If you see the PDF attached, I have bonded the neutral on both the sides because 250.30(A)(1)(b) says, "where the system bonding jumper is installed at the first disconnecting means of a separately derived system (T/F), the system bonding jumper must connect the neutral conductor of the derived system to the metal disconnecting means enclosure" - Mike Holt NEC 2014 Solar Photovoltaic Systems book.

                        Which I interpreted as the first disconnecting means on both primary and secondary side.

                        Comment


                          #13
                          Originally posted by TheElectrician View Post
                          If you see the PDF attached, I have bonded the neutral on both the sides because 250.30(A)(1)(b) says, "where the system bonding jumper is installed at the first disconnecting means of a separately derived system (T/F), the system bonding jumper must connect the neutral conductor of the derived system to the metal disconnecting means enclosure" - Mike Holt NEC 2014 Solar Photovoltaic Systems book.

                          Which I interpreted as the first disconnecting means on both primary and secondary side.
                          You only bod N-G on the secondary side
                          Ethan Brush - East West Electric. NY, WA. MA

                          "You can't generalize"

                          Comment


                            #14
                            Originally posted by TheElectrician View Post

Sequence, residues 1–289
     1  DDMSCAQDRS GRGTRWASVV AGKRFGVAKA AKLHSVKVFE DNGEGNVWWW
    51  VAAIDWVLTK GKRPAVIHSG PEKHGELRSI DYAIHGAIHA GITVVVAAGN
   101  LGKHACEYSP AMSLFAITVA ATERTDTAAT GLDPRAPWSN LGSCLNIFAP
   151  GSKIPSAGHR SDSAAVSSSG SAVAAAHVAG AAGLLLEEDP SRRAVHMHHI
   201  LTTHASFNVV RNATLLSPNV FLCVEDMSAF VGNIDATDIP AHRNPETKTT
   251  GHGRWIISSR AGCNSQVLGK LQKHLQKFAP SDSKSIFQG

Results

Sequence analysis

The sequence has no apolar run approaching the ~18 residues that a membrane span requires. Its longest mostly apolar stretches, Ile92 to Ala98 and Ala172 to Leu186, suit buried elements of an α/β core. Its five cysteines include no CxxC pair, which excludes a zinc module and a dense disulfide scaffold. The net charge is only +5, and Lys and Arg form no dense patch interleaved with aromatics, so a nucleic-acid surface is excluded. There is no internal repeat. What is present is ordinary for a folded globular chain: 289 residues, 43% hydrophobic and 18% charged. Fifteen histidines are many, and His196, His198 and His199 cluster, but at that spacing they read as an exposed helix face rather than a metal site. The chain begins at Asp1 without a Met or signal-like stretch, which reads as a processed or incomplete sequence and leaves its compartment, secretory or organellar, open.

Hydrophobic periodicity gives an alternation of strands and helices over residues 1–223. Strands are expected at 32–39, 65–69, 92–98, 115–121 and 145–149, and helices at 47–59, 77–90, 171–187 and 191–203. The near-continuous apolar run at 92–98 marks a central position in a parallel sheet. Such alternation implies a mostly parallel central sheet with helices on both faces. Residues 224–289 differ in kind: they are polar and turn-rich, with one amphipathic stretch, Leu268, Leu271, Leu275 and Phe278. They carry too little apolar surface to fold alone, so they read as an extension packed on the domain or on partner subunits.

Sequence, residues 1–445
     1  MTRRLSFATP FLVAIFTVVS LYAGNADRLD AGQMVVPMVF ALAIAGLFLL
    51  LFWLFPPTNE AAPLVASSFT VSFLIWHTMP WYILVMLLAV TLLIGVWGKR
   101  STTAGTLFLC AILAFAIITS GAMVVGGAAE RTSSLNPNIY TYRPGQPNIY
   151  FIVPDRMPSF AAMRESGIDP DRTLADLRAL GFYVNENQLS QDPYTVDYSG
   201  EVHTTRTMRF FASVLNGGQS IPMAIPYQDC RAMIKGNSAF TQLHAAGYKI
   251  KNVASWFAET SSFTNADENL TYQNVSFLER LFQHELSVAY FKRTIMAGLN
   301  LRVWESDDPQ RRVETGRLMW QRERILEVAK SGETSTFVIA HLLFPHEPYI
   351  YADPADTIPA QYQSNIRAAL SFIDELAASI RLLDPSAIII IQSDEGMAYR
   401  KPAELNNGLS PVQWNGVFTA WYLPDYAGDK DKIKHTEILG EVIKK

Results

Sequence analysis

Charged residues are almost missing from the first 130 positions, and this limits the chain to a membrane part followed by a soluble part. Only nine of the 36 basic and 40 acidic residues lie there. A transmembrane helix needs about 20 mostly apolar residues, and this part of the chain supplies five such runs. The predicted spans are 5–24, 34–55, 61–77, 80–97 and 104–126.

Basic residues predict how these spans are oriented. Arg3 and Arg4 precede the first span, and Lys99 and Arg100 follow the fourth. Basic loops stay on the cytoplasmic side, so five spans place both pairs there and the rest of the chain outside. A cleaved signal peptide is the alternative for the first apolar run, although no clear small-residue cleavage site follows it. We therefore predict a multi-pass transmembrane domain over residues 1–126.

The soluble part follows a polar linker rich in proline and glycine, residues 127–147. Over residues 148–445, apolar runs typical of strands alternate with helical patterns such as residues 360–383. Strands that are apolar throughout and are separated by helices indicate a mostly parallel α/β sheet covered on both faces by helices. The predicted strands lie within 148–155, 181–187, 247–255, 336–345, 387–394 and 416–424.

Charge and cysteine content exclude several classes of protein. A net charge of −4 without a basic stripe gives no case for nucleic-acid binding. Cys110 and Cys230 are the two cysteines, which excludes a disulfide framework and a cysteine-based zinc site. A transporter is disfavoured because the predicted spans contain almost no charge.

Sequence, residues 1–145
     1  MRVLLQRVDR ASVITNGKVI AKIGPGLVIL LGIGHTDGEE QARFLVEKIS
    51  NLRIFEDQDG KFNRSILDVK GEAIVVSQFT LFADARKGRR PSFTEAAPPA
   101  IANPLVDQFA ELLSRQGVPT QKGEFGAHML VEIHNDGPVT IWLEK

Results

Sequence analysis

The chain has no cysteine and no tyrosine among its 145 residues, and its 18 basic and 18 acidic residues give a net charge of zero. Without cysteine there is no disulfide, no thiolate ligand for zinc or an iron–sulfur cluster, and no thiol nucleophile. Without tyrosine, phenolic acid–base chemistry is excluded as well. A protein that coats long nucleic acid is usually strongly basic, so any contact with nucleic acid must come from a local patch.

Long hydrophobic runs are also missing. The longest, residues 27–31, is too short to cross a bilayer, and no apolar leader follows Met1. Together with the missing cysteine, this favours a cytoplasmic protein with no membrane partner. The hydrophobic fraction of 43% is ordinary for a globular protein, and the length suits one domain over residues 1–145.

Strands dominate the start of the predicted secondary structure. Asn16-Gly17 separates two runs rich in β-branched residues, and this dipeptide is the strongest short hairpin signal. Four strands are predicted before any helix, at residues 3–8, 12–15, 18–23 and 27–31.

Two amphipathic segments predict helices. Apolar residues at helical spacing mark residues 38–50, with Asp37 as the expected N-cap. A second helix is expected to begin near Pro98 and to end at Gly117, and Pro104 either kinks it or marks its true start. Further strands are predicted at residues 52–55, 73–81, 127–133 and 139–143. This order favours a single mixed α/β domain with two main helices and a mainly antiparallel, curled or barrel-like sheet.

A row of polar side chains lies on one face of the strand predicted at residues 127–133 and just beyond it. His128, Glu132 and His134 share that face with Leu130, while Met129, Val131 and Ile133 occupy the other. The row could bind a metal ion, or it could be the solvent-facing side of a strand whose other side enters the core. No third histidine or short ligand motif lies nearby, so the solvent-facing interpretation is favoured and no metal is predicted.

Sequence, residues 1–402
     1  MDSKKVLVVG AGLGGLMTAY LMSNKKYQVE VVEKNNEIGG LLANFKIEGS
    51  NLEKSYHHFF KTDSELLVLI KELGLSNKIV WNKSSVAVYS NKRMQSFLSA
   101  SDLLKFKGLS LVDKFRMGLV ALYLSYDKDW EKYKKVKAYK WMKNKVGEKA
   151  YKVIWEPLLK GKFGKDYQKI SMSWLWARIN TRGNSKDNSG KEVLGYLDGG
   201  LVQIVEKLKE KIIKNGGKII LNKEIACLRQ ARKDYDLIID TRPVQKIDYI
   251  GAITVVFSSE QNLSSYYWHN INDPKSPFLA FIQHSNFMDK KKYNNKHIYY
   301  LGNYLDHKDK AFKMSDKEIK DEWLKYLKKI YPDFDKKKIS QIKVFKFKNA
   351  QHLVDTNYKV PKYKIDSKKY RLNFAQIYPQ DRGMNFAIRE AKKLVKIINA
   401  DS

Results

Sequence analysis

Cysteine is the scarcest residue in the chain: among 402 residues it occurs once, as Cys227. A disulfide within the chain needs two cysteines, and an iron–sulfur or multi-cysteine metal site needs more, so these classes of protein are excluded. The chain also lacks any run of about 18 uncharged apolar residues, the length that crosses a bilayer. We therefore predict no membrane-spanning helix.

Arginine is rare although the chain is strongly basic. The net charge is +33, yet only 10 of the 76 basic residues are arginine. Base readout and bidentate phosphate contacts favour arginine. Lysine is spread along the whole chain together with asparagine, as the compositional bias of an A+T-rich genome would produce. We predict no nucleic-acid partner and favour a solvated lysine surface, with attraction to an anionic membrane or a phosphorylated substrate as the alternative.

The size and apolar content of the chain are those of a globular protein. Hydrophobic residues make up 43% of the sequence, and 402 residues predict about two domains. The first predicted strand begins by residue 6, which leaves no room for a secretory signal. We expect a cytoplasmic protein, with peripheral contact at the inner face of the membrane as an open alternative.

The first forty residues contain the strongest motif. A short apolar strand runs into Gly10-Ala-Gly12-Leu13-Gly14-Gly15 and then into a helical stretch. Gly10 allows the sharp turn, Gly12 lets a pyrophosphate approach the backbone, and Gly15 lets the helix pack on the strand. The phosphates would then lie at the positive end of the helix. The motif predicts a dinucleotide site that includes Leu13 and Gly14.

If you see the PDF attached, I have bonded the neutral on both the sides because 250.30(A)(1)(b) says, "where the system bonding jumper is installed at the first disconnecting means of a separately derived system (T/F), the system bonding jumper must connect the neutral conductor of the derived system to the metal disconnecting means enclosure" - Mike Holt NEC 2014 Solar Photovoltaic Systems book.

                            Which I interpreted as the first disconnecting means on both primary and secondary side.
                            The derived neutral is in the secondary of your transformer and there is no electrical connection to the primary unless you make one, and generally this is not done.
                            If Billy Idol is on your playlist go reevaluate your life.

                            Comment


                              #15
                              Originally posted by electrofelon View Post
                              You only bod N-G on the secondary side

                              It's correct that 250.30(A)(1) is only about the secondary side. But here's a loaded question:

                              Is 89L a service disconnect? If so then the N-G bond there is correct.

                              [MENTION=159145]TheElectrician[/MENTION]
                              We are not going to decide that question here, although you've got it drawn like it is a service disconnect. But you and the AHJ must be on the same page. Let us know if you need references to past threads on the forum.

                              Comment